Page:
Ian: The very first scene we did together was the very first scene in the show. So it was kinda make or break according to how we are with eachother. But Ricky and I are from the same part of the world, and we have some of the interests, especially football — or as you call it, soccer. Manchester United is one of our shared passions. So we bonded instantly, got on the set, planted our feet, looked each other in the eyes, said our lines and didn’t fall over the furniture. So it worked pretty well.

Ricky: Yeah, it was a lot of fun! And to get the pleasure and honor of working with one of the finest actors of our generation in Ian McShane? Yeah, it was a huge blessing and huge fun working with him. You don’t get this kind of education in acting school and to work with one of the finest professors in town, it feels good. The chemistry that happened off camera translated so well on-screen because we do get along, we are from the same area and we have a lot of fun on set. People don’t know this, but Ian’s a great practical joker. We have a good giggle and it translates on-screen.

We are very fortunate because while we are surrounded by so many fantastical elements and all the CGI, it is very grounding to see a very human element in Wednesday and Shadow, just talking in a car. Some of my favorite moments are them two just talking in the car…

Ian: Guy talk!

Mr. Wednesday

Speaking of Ian’s storied carrier, from Lovejoy to Deadwood, you have a history of playing charismatic, manipulative bastards. From the moment the show was announced, the internet was very vocal in insisting the role of Mr Wednesday was tailor made for you. When you read American Gods for the first time, what was your reaction to the character? What has it been like to bring him to life?
Ian: Well the internet has got very good taste, obviously. It’s interesting - first of all, Ricky was cast first, they had to cast the part of Shadow and get their protagonist. Then Michael (Green) sent me the script and offered me another part. And I said to Michael, “Well, that’s very nice of you… what about Mr. Wednesday?” He said, “That’s very interesting… well, do you want to do a television series?” I hadn’t read the book at the time, so I said give me a few days. I read the book, and then a week later they came along and offered me the part. And come on, its one of the great parts of TV. How could I say no? Terrific!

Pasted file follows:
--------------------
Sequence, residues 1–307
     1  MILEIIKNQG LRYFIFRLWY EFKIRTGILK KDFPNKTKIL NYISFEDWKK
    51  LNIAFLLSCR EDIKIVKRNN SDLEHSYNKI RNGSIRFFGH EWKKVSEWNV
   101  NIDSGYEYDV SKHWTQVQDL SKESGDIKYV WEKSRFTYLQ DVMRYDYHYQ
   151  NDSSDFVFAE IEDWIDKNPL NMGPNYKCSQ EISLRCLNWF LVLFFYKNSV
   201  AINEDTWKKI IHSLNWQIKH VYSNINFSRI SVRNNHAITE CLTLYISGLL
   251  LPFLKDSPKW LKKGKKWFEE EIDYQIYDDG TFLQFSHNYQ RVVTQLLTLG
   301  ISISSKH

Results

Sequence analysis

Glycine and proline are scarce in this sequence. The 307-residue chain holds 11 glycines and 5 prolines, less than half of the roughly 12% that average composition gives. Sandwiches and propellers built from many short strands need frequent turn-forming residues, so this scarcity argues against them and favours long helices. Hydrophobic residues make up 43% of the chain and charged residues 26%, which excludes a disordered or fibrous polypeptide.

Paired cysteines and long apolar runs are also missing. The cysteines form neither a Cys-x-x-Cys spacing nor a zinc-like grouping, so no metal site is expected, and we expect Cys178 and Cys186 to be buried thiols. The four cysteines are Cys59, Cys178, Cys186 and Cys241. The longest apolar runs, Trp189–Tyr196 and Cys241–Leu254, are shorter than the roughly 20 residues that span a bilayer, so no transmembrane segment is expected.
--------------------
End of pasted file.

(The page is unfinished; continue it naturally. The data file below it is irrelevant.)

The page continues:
Ricky — your casting announcement was accompanied by high praise from Neil and producers Bryan Fuller and Michael Green. How did it feel to have such vocal support and enthusiasm from your collaborators as took on such an important role?
Ricky: I felt calmer. You don’t realize the light without having a bit of darkness and everyone knows of my situation working with a troublesome showrunner, so I feel blessed to have the love and support of my network, Bryan Fuller, Michael Green and Neil Gaiman. I just talked to them yesterday and they told me there was 1200 [audition] tapes for Shadow, which is just incredible. You don’t really think about that.

For Neil Gaiman, we’re basically lifting his words off the page; it’s a huge honor for the man who created our characters to enjoy our work. For me, it’s just nothing but a huge blessing to be part of what I think is the best ensemble cast I’ve ever seen on television and I’m excited to see what comes down the road.

In the early episodes, Shadow is responsible for a ton of emotional heavy lifting…how did you prepare to carry those scenes?
Ian: He worked out. A lot.

Ricky: (Laughs)

Ian: I could never find him in the morning, he was in the gym. Well, I was there too, doing 1,000 crunches.

Ricky: Ian McShane has abs of steel. Steel Abs McShane, that’s his nickname on set.